We have never before addressed a conflict of interest that arises from a lawyer's simultaneous role as criminal defense attorney and law clerk in the same court where he is trying the case. We have also not uncovered any cases in other jurisdictions that present the same issue. Most criminal conflict-of-interest cases involve one attorney representing multiple defendants. See, e.g., Meyers v. State, 265 Ga. 149, 150 (454 SE2d 490) (1995); Mitchell v. State, 261 Ga. 347 (405 SE2d 38) (1991); Wilson v. State, 257 Ga. 352 (359 SE2d 661) (1987). A few cases involve law clerks, but are unlike the situation now before us. See Todd v. State, 261 Ga. 766 (14) (410 SE2d 725) (1991) (prosecutor employed by the district attorney's office during defendant's trial became law clerk for judicial circuit while motion for new trial was pending); Potts v. State, 259 Ga. 96 (27) (376 SE2d 851) (1989) (former law clerk became defendant's attorney); Pope v. State, 256 Ga. 195 (26) (345 SE2d 831) (1986) (prosecutor who worked on state's brief on direct appeal had been law clerk during defendant's trial). The situation in this case is unique because English occupied the job of criminal defense attorney and law clerk in the same court at the same time.
We conclude that an actual conflict of interest existed in this case and reverse the convictions. There is no need to embark on an analysis of Cuyler, supra, and its progeny: the conflict here is obvious and, given the enormity of the penalty in this case, completely impermissible. Sallie did not waive his right to conflict-free representation. The evidence is uncontroverted that he was never informed of English's role as the law clerk for the Waycross Judicial Circuit.
Sallie's lawyer represented a capital defendant in the same court in which he was a full-time law clerk. We cannot allow such a conflict of interest to exist in a death penalty case. See Chapel v. State, 264 Ga. 267 (443 SE2d 271) (1994) (attorney disqualified in capital case due to conflict of interest and appearance of impropriety); Fleming v. State, 246 Ga. 90, 93 (270 SE2d 185) (1980) (slight conflict of interest not permitted in death penalty case); Code of Professional Responsibility, Canon 9. We therefore reverse and remand for a new trial.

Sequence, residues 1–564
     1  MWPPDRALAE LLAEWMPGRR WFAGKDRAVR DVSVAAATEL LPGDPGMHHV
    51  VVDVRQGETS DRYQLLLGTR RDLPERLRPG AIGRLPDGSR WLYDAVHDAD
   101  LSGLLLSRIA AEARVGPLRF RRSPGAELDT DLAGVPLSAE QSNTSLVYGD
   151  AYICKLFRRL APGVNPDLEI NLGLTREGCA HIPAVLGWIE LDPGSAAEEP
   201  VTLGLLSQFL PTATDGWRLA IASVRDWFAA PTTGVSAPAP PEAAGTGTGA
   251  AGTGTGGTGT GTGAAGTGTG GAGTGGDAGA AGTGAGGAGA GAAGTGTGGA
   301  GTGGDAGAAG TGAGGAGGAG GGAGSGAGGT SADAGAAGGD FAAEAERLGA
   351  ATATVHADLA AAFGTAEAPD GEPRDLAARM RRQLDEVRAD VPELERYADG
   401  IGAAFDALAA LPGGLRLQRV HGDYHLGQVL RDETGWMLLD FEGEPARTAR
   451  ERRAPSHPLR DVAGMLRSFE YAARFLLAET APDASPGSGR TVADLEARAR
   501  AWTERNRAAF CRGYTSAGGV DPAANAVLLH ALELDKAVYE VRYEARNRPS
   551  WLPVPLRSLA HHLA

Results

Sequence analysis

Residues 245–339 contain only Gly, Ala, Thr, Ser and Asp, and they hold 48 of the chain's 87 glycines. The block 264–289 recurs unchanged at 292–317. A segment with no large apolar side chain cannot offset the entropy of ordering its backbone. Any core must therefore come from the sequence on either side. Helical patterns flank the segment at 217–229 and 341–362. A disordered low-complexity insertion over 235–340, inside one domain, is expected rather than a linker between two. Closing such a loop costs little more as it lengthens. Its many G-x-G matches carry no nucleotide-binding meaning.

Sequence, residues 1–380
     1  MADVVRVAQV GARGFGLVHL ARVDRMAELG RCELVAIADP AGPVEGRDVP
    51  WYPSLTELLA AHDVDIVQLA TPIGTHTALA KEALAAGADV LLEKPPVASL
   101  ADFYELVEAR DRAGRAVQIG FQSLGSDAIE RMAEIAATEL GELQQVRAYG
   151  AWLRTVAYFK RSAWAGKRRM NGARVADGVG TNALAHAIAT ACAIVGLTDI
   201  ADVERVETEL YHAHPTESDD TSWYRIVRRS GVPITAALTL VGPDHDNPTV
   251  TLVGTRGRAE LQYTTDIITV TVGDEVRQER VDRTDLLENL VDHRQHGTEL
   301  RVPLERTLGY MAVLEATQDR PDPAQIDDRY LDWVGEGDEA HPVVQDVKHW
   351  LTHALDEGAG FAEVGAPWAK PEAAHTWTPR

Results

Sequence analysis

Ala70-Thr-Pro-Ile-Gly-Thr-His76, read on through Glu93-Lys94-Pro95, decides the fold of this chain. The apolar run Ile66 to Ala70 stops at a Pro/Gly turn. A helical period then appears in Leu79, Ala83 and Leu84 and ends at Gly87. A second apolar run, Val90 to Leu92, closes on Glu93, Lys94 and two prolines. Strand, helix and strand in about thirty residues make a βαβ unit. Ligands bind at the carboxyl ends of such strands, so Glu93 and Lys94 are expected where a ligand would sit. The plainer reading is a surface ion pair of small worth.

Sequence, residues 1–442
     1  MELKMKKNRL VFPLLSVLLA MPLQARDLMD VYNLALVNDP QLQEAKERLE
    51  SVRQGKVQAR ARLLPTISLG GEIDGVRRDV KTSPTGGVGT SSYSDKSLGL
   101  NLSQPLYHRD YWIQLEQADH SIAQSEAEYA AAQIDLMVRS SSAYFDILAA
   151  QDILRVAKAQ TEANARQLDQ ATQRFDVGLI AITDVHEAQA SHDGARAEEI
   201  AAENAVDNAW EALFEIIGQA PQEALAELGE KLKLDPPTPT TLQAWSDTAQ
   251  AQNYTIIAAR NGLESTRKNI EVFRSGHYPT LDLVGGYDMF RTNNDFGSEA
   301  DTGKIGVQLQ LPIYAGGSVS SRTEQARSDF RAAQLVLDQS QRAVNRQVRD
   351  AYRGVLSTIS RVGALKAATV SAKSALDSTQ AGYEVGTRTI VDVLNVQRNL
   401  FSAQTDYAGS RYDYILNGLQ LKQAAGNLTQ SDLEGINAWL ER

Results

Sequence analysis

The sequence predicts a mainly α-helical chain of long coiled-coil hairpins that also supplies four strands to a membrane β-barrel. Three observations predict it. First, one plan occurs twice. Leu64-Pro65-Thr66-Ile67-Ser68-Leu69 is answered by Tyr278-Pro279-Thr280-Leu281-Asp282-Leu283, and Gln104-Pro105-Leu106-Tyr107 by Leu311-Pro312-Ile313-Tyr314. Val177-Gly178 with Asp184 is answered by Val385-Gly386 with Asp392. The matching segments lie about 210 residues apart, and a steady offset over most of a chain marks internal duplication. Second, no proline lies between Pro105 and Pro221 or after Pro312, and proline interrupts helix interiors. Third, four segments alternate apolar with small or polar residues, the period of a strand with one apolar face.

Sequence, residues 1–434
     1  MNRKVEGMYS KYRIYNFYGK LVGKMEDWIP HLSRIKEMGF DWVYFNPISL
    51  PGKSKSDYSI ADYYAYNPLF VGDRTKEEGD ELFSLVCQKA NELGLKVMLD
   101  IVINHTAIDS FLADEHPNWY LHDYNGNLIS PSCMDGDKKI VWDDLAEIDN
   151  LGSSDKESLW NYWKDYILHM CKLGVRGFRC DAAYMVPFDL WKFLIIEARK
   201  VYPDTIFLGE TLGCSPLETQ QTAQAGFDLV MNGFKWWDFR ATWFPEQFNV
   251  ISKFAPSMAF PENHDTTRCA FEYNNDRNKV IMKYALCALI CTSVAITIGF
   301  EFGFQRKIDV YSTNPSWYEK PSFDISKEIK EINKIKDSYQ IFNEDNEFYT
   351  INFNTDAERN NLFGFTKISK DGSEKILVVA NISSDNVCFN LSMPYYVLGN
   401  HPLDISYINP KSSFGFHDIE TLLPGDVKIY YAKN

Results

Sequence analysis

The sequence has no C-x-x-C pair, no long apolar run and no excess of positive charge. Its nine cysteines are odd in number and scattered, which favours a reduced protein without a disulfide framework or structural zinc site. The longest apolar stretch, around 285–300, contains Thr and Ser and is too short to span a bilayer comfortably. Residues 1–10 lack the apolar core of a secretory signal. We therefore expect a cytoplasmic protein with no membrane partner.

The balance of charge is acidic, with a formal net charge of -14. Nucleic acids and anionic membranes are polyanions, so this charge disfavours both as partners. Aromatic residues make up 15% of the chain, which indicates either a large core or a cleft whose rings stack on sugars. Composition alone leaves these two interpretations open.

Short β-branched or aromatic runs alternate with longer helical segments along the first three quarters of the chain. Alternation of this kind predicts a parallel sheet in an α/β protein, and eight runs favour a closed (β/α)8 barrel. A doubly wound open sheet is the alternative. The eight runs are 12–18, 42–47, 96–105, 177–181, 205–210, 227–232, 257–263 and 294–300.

3. Our disposition of the conflict-of-interest claim renders the consideration of Sallie's remaining enumerations of error unnecessary.
Richard E. Currie, District Attorney, Thurbert E. Baker, Attorney General, Susan V. Boleyn, Senior Assistant Attorney General, Wesley S. Horney, Assistant Attorney General, for appellee.
1  The crimes occurred on March 29, 1990. Sallie was indicted by the Bacon County Grand Jury on July 10, 1990, for malice murder, aggravated assault, armed robbery, kidnapping with bodily injury (2 counts), burglary, theft by taking and possession of a firearm during the commission of a felony. The case was tried from March 25-30, 1991, and the jury acquitted Sallie of armed robbery and theft by taking and convicted him of the remaining counts. The jury recommended a death sentence for the murder, and the trial court additionally imposed a life sentence for each kidnapping count, twenty years for the burglary, twenty years for the aggravated assault, and five years for the possession of a firearm during the commission of a felony, all sentences to be served consecutively. Sallie filed a motion for new trial on April 26, 1991, and an amended motion for new trial on November 1, 1993. After a hearing, the motion for new trial was denied on July 28, 1997. This case was docketed on September 17, 1997, and orally argued on January 20, 1998.
Palmer C. Singleton III, Christopher M. Johnson, John R. Thigpen, for appellant.
DECIDED MAY 18, 1998.
Thursday May 21 03:53 EDT